In terms of the feasibility of such drastic energy system changes, existing studies have pointed out transition risks, such as carbon lock-in, stranded investment, and premature retirement relative to the expected lifetime of fossil fuel-related infrastructure (Campiglio et al. 2018; Mercure et al. 2018; Seto et al. 2016). At the global scale, several studies using IAMs have indicated that the lack of short-term mitigation actions would lead to premature phase-out of coal power plants and stranding of fossil fuel assets, resulting in increased stranded investment in the energy supply sectors (Bertram et al. 2015; Cui et al. 2019; Johnson et al. 2015). At the national level, Iyer et al. (2017) explicitly focused on disruptive changes between the US NDC and MCS, and quantified stranded coal capacity by 2050 using the Global Change Assessment Model (GCAM). Wang et al. (2019) and Malik et al. (2020) estimated the stranded coal capacity under the low-emission scenarios in China and India, respectively, using both global and national IAMs. These studies stressed that near-term actions including enhancement of NDCs are effective for avoiding the stranding of high-carbon infrastructure such as coal power plants without carbon capture and storage (CCS). Meanwhile, few studies have focused on the energy demand sectors rather than on the energy supply sector (Davis et al. 2010; IRENA 2017). Therefore, the economy-wide risk of stranded investment and measures to avoid those risks remain unclear.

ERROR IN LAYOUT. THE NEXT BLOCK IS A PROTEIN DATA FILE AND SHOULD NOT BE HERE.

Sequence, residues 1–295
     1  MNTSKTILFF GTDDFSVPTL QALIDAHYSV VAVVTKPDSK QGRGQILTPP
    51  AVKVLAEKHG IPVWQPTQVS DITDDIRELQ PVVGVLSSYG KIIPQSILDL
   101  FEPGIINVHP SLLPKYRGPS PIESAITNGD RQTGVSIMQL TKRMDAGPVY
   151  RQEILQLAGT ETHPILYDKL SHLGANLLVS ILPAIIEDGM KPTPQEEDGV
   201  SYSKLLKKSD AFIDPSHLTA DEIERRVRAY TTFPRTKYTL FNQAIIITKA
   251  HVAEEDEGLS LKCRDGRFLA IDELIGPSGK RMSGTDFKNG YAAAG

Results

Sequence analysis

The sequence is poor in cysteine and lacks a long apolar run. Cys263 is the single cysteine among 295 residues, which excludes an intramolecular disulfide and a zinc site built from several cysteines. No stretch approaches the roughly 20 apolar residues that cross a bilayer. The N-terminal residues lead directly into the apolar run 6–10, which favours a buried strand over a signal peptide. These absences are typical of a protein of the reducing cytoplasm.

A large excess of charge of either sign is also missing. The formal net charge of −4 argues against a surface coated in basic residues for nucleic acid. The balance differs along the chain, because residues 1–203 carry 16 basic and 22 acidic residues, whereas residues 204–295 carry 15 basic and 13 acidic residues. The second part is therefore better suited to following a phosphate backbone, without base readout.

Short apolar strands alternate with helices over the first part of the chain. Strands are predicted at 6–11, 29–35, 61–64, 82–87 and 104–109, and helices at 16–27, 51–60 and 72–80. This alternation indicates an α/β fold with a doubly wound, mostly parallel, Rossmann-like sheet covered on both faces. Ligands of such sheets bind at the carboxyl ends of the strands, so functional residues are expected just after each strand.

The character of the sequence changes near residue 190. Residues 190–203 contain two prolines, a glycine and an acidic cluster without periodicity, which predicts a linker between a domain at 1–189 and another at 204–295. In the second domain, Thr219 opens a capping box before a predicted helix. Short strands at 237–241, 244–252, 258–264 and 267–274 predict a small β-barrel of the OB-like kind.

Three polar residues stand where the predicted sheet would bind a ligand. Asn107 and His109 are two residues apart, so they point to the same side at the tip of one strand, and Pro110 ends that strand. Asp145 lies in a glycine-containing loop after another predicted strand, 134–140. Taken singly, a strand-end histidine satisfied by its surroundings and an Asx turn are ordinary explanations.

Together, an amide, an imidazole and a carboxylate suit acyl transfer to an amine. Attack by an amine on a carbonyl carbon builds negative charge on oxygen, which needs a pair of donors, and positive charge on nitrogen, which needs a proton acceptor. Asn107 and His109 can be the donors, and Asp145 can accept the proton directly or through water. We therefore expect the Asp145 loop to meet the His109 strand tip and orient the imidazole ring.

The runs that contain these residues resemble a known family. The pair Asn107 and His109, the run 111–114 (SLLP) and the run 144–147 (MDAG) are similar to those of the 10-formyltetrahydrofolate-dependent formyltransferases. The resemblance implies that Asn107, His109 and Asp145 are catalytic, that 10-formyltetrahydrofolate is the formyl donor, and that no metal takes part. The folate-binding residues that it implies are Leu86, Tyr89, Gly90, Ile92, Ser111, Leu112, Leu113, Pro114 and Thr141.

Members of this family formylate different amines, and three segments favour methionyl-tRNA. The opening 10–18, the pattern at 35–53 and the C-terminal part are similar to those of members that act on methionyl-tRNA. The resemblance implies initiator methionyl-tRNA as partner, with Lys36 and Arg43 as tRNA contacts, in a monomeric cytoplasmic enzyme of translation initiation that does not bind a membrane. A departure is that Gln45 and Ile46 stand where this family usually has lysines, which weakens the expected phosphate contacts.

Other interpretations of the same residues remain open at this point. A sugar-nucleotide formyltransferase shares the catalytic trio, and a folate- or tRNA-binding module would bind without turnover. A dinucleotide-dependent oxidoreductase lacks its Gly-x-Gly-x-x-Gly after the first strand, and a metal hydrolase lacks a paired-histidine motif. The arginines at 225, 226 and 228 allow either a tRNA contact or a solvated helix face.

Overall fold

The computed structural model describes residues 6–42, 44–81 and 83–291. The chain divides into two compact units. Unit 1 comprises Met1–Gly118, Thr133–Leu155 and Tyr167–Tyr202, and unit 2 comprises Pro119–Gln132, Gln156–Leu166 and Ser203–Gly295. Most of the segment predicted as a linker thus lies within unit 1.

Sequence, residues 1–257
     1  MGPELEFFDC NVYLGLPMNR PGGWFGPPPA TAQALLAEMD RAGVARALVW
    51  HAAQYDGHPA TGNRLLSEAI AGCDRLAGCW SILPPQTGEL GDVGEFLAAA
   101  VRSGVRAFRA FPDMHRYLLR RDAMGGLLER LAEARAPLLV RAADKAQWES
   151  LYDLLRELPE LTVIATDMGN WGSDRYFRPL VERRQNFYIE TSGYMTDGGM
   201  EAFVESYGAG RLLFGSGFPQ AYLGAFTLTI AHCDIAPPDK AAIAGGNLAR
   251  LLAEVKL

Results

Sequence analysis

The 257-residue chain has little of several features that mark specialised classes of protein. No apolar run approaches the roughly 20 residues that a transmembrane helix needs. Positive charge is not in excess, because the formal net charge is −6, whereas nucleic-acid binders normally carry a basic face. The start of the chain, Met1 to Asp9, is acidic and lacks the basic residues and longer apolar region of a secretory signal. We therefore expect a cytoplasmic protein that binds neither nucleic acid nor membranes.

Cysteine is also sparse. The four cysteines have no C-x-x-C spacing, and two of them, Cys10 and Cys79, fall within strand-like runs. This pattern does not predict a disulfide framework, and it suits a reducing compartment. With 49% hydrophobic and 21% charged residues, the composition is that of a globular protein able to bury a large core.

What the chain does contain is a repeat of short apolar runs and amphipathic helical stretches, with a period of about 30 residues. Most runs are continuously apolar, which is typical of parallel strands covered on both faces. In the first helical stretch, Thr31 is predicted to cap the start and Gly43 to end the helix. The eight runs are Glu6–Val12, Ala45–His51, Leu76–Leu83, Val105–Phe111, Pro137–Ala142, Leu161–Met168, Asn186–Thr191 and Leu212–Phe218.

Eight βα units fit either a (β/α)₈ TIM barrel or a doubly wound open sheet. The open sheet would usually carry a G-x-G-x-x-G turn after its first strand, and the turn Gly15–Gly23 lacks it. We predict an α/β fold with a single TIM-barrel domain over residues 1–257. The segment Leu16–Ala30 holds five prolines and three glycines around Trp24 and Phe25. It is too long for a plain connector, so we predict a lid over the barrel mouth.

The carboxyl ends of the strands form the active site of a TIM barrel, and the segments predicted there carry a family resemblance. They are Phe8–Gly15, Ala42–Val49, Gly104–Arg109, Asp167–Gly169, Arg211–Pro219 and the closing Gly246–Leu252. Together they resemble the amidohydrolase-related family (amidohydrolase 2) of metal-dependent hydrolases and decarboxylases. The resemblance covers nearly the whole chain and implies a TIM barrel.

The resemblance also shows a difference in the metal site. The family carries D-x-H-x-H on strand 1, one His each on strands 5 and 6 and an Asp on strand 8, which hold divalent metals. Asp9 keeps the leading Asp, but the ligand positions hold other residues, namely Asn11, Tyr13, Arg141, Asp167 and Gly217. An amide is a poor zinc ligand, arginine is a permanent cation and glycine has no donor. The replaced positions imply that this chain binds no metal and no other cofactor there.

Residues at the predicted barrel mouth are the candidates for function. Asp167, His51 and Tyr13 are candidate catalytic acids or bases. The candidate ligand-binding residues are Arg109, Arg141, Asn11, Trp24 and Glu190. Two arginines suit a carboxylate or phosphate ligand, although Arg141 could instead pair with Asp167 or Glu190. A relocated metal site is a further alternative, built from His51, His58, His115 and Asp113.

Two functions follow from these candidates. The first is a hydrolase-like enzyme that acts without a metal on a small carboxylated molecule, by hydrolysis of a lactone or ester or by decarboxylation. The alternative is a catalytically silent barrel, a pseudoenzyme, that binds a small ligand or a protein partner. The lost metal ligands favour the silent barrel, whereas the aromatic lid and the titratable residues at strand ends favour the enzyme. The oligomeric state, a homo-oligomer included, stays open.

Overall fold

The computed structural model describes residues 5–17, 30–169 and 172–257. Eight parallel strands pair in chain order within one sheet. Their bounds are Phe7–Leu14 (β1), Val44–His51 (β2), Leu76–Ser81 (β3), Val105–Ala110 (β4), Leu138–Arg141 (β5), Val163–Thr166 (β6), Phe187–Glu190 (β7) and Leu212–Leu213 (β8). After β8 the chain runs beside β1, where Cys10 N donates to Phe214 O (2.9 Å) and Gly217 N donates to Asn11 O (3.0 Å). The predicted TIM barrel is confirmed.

Given this background, the present study aims to clarify the risk of stranded investment in the context of rapid energy system transformation in both energy demand and supply sectors. To this end, we quantified the stranded investment arising from rapid energy system transition between 2030 and 2050 in Japan using a bottom-up energy system model. In addition, this study aims to explore the policy implications of stranded investment risk mitigation.